Last summer, a phone scam claiming seniors could receive a free medical device swept across the country. People who answered the phone were told to enter credit card or bank information as well as their address, and a medical alert device would be mailed to their home. The scam has made a comeback with a few additional attempts to bait older adults in retirement communities and those still living in their homes.
People began reporting the fishy situation on AARP's Fraud Watch Network, bringing attention to the misleading calls. The robocall scam says the device itself will be free, but financial and personal information is required for monitoring fees. Two new versions try to entice seniors by saying they will also receive $3,000 in coupons or that the device is being offered by AARP.
When you answer the phone, the call will tell you to press "one" if you want the device or "five" if you want to be taken off the call list. The first option transfers you to a live operator who will use scare tactics to pressure you into sharing your financial details. Rather than removing your number from the list, pressing five confirms that your phone is functional so scammers can continue calling. People who have given out information have been billed for monitoring services and threatened with lawsuits for not paying the balance, though no one has ever received an actual device.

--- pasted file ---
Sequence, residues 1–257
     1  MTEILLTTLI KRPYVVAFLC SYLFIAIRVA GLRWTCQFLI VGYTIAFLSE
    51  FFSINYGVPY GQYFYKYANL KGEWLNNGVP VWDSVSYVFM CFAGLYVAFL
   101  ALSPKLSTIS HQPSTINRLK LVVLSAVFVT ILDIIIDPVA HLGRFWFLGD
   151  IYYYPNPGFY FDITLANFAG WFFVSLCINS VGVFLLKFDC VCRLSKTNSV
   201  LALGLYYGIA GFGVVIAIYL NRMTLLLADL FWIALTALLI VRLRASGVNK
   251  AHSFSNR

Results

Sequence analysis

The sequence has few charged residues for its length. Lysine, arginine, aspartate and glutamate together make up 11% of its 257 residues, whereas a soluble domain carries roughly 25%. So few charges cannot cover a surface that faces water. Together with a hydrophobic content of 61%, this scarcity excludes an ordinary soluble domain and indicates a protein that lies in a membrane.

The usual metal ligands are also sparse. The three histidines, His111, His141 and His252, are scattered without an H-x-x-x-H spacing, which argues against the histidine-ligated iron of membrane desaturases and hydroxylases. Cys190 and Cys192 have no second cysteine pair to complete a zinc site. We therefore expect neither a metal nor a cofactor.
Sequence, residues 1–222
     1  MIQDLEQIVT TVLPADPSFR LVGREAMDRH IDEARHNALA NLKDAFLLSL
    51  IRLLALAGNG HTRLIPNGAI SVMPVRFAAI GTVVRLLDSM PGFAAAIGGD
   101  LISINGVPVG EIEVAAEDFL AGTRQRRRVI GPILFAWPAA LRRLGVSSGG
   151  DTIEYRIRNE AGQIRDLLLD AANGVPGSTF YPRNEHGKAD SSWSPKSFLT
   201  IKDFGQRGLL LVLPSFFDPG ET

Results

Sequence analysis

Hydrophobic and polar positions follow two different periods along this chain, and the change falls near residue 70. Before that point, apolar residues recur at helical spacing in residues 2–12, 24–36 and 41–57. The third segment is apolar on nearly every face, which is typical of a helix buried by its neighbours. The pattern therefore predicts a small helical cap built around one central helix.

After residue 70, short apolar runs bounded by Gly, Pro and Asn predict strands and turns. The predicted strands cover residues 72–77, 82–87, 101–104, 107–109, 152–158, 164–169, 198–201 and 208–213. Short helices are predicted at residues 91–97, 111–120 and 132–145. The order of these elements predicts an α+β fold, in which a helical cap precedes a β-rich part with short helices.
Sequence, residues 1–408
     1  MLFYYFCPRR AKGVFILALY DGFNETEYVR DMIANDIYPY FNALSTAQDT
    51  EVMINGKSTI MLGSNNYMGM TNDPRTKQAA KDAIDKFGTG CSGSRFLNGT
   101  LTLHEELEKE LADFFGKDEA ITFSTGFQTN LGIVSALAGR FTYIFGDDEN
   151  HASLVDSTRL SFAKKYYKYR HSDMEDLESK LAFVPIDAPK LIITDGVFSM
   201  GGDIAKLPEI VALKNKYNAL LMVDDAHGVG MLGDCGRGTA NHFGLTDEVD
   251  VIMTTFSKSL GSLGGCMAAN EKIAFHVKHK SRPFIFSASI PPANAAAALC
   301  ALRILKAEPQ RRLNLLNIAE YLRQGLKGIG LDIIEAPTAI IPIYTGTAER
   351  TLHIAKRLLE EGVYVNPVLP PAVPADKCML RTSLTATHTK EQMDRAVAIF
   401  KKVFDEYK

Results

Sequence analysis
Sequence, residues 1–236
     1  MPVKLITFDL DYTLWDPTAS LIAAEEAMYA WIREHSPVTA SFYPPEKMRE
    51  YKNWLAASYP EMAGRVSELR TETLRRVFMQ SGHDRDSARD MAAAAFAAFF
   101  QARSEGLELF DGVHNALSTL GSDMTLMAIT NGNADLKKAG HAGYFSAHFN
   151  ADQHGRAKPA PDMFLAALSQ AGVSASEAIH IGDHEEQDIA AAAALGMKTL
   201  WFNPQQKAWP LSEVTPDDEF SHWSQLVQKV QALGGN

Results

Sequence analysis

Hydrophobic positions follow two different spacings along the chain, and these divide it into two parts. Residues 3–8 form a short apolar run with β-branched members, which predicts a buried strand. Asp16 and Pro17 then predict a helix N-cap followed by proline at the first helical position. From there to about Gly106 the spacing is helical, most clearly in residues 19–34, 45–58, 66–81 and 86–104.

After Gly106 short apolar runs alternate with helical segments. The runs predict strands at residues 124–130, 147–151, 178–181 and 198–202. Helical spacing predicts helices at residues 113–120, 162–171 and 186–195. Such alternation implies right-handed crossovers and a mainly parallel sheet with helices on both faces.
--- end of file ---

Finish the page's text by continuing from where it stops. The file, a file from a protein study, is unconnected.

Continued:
Scams are common across all age groups
The Federal Trade Commission compiled reports of fraud throughout 2013 to find the top national consumer complaints about fraud. The most common form of fraud was identity theft, but there were 121,720 complaints about imposter scams, like the free medical alert device. Other types of fraud include debt collection, telephone or mobile services, and bank and lender fraud.
Tips to stay scam-free
- Never provide personal information when you receive a robocall.
- Your phone service provider may have a way to block robocalls, but it's not guaranteed to protect you because scammers are always using different phone numbers.
- Just hang up the phone without pressing any keys.
- There are Internet-based systems and software that can alter phone numbers so they look like local callers or a legitimate business. Either way, AARP recommended reporting the numbers to ftc.gov/complaint or 1-888-382-1222.
- Find out how to avoid other senior scams and more on Erickson Living's blog.